Review: Family Suites at Disney’s Art of Animation Resort, Continued
This is the second page of this review of the Family Suites at Disney’s Art of Animation Resort. For the first page, click here.
A PHOTO TOUR OF THE FAMILY SUITES AT DISNEY’S ART OF ANIMATION RESORT
This is the basic floor plan of the Art of Animation Family Suites. The entrance is from an enclosed hallway, and while the windows are large, there’s no balcony.
(Note that you can click any of these images and they’ll open to a bigger view.)
You enter directly in to the dining area, with the master bedroom area on one side and the mini-kitchen/living room on the other.
The dining table is large–note the props I’ve put on it, purely for scaling purposes.
It comes with four chairs, but despite the fact that this is a six-person room, that’s all that comfortably fits. There’s a couple of round tables in the living room that double as stools–a very clever idea. You can pull them up to the end of the table, but there’s no room for knees. And knees often are important…
The dining table is replaced by a bed that folds down from the wall.
I measured this bed as 54 by 74 inches, but for some it will sleep a little shorter than that. The head of the bed is within the framing that supports it when it’s up, and this may feel a little claustrophobic to some, causing them to skooch towards the foot.
The single cushion is 8 inches deep, and I found it easy to sleep on though a little short.
It includes overhead reading lights on a dimmer switch, and two end tables.
The bed is easy to set up–clear the dining table, take away the chairs (which don’t stack–kind of an odd choice), and pull it down. The bed is already made, so all you need to do is add the pillows (stored in drawers in the living room) and you are set!
The kids’ bath opens off the dining room. It has two doors–a pocket door to the sink area, and a hinged door to the tub/toilet area–making it quite flexible.
There’s a couple of ways in which finishes and furnishings at Art of Animation are a major upgrade over not just other value resorts, but even moderate resorts. Most notable of these is the bath–see the sink furniture in the above photo, and note the tiling in the tub surround, which looks even better in real life than in my photo.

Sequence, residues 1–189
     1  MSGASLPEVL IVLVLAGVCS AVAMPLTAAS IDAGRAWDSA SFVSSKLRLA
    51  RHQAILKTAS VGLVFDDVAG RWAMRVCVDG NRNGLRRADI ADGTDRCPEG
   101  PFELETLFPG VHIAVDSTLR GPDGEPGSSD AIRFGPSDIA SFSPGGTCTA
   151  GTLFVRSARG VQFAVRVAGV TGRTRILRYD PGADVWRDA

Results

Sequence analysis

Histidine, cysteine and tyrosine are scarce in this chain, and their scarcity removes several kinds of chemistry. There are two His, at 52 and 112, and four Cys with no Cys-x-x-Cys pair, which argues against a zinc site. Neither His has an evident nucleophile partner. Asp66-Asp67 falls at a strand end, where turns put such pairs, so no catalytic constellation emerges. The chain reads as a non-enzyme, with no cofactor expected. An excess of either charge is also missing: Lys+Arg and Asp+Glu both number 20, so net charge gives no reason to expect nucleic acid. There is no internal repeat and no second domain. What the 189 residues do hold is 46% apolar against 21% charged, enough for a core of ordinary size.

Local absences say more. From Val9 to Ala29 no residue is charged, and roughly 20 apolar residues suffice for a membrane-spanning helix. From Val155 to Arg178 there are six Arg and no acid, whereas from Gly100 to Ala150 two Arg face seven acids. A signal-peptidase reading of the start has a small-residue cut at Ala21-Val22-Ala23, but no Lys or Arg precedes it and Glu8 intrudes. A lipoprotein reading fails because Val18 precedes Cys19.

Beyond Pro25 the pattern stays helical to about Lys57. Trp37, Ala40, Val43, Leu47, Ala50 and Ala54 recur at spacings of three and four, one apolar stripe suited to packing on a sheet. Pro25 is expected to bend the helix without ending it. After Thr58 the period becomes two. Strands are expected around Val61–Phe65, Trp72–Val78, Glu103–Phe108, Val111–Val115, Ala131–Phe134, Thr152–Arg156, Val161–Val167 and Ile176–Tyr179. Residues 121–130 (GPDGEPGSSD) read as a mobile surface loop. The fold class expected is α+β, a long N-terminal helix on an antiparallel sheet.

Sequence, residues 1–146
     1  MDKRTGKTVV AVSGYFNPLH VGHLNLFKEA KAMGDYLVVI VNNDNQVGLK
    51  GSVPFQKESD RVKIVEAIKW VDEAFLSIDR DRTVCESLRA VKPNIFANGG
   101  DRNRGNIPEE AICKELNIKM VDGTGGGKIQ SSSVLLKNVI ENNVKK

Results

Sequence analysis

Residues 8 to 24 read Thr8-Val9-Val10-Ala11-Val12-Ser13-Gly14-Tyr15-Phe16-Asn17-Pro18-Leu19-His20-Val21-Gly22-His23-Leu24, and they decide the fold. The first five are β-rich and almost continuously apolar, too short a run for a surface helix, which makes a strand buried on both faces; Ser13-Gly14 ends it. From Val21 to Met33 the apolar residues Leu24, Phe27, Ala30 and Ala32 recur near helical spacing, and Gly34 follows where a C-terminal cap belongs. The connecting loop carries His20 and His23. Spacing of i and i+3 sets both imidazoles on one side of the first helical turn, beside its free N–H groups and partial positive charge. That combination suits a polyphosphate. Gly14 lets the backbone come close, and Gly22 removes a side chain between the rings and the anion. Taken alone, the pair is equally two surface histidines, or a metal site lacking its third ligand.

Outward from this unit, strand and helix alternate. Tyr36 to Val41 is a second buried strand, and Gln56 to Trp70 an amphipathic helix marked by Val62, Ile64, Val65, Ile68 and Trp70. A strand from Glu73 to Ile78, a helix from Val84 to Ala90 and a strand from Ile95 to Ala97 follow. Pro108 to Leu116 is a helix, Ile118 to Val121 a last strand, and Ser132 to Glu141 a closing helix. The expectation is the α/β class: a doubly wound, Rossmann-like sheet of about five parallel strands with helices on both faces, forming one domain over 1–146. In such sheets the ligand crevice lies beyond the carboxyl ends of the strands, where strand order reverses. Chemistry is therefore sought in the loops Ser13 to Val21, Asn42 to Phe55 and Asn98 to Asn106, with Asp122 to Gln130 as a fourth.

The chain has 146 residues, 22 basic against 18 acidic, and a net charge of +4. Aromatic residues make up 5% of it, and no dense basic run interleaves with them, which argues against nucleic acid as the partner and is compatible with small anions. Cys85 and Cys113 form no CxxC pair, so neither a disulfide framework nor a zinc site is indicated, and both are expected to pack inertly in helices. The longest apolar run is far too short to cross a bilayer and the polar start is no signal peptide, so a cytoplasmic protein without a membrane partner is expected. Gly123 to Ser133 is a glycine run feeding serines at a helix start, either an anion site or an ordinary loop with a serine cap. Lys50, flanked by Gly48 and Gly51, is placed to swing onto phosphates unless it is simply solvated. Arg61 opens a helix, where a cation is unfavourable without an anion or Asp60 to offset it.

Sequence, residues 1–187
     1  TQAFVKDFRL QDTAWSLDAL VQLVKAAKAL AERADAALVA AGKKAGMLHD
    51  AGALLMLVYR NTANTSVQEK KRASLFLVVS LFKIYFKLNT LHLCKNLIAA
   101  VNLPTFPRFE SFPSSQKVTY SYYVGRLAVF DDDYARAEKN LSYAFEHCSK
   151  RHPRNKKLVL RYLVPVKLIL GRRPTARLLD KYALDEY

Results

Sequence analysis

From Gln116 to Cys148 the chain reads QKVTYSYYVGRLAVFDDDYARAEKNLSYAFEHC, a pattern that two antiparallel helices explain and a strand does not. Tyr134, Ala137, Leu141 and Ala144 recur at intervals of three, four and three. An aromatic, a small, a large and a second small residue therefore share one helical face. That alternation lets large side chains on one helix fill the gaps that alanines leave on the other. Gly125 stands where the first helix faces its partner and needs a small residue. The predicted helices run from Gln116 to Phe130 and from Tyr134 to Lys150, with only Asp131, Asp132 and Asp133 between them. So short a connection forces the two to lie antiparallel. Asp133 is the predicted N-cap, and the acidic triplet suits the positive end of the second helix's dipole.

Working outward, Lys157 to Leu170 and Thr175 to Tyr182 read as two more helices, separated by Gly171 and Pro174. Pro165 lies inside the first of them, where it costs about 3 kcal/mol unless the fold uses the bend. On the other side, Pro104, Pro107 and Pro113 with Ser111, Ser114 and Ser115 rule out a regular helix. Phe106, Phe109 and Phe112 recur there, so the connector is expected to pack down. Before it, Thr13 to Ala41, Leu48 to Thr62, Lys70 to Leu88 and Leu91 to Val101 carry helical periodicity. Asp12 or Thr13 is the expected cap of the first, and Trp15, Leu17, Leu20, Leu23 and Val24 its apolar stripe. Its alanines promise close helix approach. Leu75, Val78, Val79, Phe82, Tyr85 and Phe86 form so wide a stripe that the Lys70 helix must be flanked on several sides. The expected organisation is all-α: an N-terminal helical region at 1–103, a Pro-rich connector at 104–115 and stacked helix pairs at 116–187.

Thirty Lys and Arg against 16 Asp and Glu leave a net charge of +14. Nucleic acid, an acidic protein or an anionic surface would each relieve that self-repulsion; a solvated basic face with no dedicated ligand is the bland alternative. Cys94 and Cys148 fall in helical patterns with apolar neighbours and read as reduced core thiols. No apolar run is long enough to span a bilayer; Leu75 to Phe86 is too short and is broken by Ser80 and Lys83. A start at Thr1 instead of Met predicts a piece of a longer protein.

Your kids likely will be more impressed by the shower curtain than the tiling…
The dining area also opens to the living room. On one side you’ll find the mini-kitchen (below) and large, comfy sofa, at the end a cute easy chair, and in the middle the two tables/stools I mentioned above. Using the stools, the room easily seats 6.
The other side has a flat-screen TV, good-sized dresser, and a clothes area with a shelf at the top, closet rod and hangers, another shelf, and a big drawer below.
There’s a little less storage here than meets the eye, as two of the largest drawers are stuffed with pillows and blankets for the sofa bed. You can get storage space back by creating a tippy stack of pillows on the shelf above the closet rod.
I measured it at 54″ by 78″–4″ longer than the dining table bed. Although the mattress is only 4 inches thick, I had no trouble sleeping on it. But then I’m not picky…
The other item in this space is the mini-kitchen.
There’s a sink, mini-fridge, microwave, and a coffee maker.
There’s also some supplies–not just cups and coffee, but also paper plates and bowls, plastic utensils, a can opener and a corkscrew/bottle opener. This is a very nice touch.
For an image of the inside of the fridge, see this (and thanks, Hayden, for sending it to me!).
However, at least on my visit, there was nothing in the shop you could buy that would make this kitchen really helpful–no bread, no lunch-meat, neither PB nor J, no breakfast cereals other than what’s in the food court. I really hope Disney fixes this…
The master bedroom opens from the dining room.
One side has a flat screen and a dresser–the same size as the equivalents in the living room–and a closet space with safe, iron and ironing board, suitcase rack (which you will probably fold up so that you can stack a bunch of roller bags here) and hanging rack with a shelf above.
The other side has a colorful queen bed and a couple of bed tables. Note that my phone (almost all the photos on this site are from my iPhone) didn’t get the green on the bedspread right–it’s prettier and more cheery than the image suggests.
The master bath opens from the master bedroom. It’s not divided, which creates space that enables a longer sink counter than in the kids’ bath. The shower has a glass door, and the same lovely tiling as the kids’ bath. (Sorry about the lack of focus in the image, but that makes it more romantic, no?)
Like the kids’ bath, the furniture and finishing are at a much higher level than the other values.
(FYI, An e-mailer asked how I make floor plans like the one at the top of the page–here’s the answer: a lot of measurements, and some home design software that I barely understand!)
THE LIVABILITY OF THE FAMILY SUITES AT DISNEY’S ART OF ANIMATION RESORT
This review continues here.